The First Art Newspaper on the Net Established in 1996 United States Monday, September 1, 2014


The royal family of Qatar purchases Paul Cezanne's Card Players for a record $250 million
The work is one in a series of five, but until now was the only one remaining in private collection. Vanity Fair reports that William Acquavella and Larry Gagosian were outbid for Card Players, at comparable amounts rumored up to $220 million.
NEW YORK, NY.- A few days ago Vanity Fair reported that Qatar's royal family bought one of the 5 existing versions of Cezanne's 'The Card Players' for over $250 million. Forbes published today that it was Josh Baer of BaerFaxt who first broke it in 2011: the purchase of Cezanne's Card Players for $250 million from the estate of Greek shipping magnate George Embiricos.

The amount paid by the Qatari royals dwarfs that of the world's previous most expensive artwork. Jackson Pollock's No 5, 1948 was sold to an unknown buyer for £88.7 million in 2006 at the peak of the pre-recession art-buying boom.

The first mention of the card players series comes in 1891 when the writer Paul Alexis visited Cézanne’s studio in Aix-en-Provence and found the artist painting a local peasant from the farm on his estate, the Jas de Bouffan. A number of different farm workers came to sit for him over the years, often smoking their clay pipes. They included an old gardener known as le père Alexandre and Paulin Paulet, who posed as the figure seated on the left in The card players, a task for which he was paid five francs. Cézanne’s depictions of card players would prove to be one of his most ambitious projects and occupied him for several years. It resulted in five closely related canvases of different sizes showing men seated at a rustic table playing cards, including versions from The Courtauld Gallery, The Metropolitan Museum of Art and the Musée d’Orsay. Alongside these he produced a larger number of paintings of the individual farm workers who appear in the card players compositions, major examples of which will be reunited from the Kimbell Art Museum, Fort Worth, the State Hermitage Museum, St Petersburg, the Pushkin Museum, Moscow, together with The Courtauld’s Man with a Pipe.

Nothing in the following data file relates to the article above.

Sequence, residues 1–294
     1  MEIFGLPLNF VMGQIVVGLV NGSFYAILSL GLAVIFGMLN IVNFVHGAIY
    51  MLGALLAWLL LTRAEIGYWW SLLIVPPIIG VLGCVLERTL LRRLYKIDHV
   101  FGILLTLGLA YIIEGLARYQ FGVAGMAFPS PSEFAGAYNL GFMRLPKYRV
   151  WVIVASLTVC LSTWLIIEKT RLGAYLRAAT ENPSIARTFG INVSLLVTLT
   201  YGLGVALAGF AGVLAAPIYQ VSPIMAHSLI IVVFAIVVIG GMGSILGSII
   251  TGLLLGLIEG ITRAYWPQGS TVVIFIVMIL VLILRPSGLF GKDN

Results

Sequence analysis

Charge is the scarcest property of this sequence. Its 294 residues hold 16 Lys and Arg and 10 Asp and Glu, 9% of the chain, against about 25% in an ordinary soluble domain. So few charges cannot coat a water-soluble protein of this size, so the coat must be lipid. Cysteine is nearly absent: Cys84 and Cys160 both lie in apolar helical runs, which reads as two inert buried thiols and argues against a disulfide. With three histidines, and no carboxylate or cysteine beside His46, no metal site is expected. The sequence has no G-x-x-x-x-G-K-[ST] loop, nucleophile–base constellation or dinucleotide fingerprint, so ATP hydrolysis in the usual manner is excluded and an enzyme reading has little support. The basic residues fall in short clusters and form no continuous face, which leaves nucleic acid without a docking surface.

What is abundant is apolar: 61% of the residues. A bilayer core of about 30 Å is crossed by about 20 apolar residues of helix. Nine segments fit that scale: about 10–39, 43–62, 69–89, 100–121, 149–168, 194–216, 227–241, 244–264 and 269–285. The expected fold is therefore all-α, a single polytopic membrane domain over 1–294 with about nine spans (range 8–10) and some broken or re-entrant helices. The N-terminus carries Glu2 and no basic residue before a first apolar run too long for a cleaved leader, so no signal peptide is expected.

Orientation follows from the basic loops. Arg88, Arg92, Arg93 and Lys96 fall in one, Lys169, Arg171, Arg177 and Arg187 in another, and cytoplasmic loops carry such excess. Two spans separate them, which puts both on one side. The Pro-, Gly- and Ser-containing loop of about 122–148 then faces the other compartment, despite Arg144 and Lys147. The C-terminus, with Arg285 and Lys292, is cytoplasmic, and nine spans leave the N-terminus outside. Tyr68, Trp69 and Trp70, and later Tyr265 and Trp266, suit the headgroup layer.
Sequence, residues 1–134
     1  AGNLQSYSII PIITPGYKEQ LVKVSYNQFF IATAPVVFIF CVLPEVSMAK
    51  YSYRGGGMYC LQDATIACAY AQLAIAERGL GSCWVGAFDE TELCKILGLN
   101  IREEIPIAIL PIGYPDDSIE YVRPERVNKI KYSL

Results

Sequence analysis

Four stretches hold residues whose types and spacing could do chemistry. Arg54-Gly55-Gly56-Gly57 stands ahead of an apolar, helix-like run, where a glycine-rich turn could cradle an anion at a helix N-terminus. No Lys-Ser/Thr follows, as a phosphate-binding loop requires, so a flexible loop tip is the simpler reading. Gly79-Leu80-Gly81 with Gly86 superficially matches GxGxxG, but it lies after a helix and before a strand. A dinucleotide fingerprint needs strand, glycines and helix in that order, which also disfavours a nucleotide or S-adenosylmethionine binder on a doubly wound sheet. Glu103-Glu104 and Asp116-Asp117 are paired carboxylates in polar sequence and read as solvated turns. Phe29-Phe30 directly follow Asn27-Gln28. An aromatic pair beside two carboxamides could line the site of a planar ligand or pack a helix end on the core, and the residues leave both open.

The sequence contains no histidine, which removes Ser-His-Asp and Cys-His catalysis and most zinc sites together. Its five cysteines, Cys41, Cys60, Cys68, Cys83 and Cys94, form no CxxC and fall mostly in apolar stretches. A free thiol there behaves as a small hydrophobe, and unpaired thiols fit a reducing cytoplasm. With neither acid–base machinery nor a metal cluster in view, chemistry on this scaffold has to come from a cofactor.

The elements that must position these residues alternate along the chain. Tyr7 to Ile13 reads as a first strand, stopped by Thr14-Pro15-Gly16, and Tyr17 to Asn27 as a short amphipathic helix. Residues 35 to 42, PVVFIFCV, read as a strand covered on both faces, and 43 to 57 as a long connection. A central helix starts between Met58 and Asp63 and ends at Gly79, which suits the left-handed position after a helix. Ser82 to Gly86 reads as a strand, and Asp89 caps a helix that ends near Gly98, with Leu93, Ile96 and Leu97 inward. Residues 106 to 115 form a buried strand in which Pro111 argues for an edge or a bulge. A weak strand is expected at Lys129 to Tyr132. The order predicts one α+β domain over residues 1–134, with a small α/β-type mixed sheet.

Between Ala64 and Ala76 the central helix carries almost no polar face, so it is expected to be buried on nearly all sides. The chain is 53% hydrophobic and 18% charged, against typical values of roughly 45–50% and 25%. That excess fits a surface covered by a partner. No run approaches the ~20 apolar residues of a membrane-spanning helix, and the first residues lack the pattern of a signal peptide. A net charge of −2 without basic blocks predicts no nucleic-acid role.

Cézanne devoted himself to his peasant card players, often repeating his compositions, striving to express the essence of these sun-beaten farm workers whom he found so compelling. Rather than posing his models as a group playing cards, Cézanne made studies of them individually and only brought them together as opponents on the canvas itself. For him, the local peasants of Aix were the human equivalent of his beloved Montaigne Sainte-Victoire that presided over the town – steadfast, unchanging and monumental. As he later put it, “I love above all else the appearance of people who have grown old without breaking with old customs”. Cézanne’s card players are not shown as rowdy drinkers and gamblers in the way that, for centuries, peasants had been depicted in rural genre paintings. Rather, they are stoical and completely absorbed in the time-honoured ritual of their game. As the famous English critic Roger Fry wrote in 1927: “It is hard to think of any design since those of the great Italian Primitives… which gives us so extraordinary a sense of monumental gravity and resistance – of something that has found its centre and can never be moved.”

The monumentality of the works epitomises Cézanne’s stated aim to produce “something solid and durable, like the art of the museums”. Appropriately, one of the first works by Cézanne to enter a museum collection was The card players, which was accepted by the Louvre in 1911, five years after the artist’s death.